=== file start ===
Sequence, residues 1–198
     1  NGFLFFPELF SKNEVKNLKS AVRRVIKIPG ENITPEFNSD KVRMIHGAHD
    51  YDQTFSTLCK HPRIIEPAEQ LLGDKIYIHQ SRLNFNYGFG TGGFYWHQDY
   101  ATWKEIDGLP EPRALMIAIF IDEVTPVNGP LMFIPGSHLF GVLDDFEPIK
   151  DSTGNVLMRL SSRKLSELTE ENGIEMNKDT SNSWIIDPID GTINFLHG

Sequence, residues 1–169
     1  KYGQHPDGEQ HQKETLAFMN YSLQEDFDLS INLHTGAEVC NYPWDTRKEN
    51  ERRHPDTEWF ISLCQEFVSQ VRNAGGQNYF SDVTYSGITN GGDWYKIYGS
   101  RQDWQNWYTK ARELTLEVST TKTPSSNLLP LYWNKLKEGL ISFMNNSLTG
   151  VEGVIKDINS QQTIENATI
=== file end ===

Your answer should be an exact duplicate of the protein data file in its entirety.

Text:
Sequence, residues 1–198
     1  NGFLFFPELF SKNEVKNLKS AVRRVIKIPG ENITPEFNSD KVRMIHGAHD
    51  YDQTFSTLCK HPRIIEPAEQ LLGDKIYIHQ SRLNFNYGFG TGGFYWHQDY
   101  ATWKEIDGLP EPRALMIAIF IDEVTPVNGP LMFIPGSHLF GVLDDFEPIK
   151  DSTGNVLMRL SSRKLSELTE ENGIEMNKDT SNSWIIDPID GTINFLHG

Sequence, residues 1–169
     1  KYGQHPDGEQ HQKETLAFMN YSLQEDFDLS INLHTGAEVC NYPWDTRKEN
    51  ERRHPDTEWF ISLCQEFVSQ VRNAGGQNYF SDVTYSGITN GGDWYKIYGS
   101  RQDWQNWYTK ARELTLEVST TKTPSSNLLP LYWNKLKEGL ISFMNNSLTG
   151  VEGVIKDINS QQTIENATI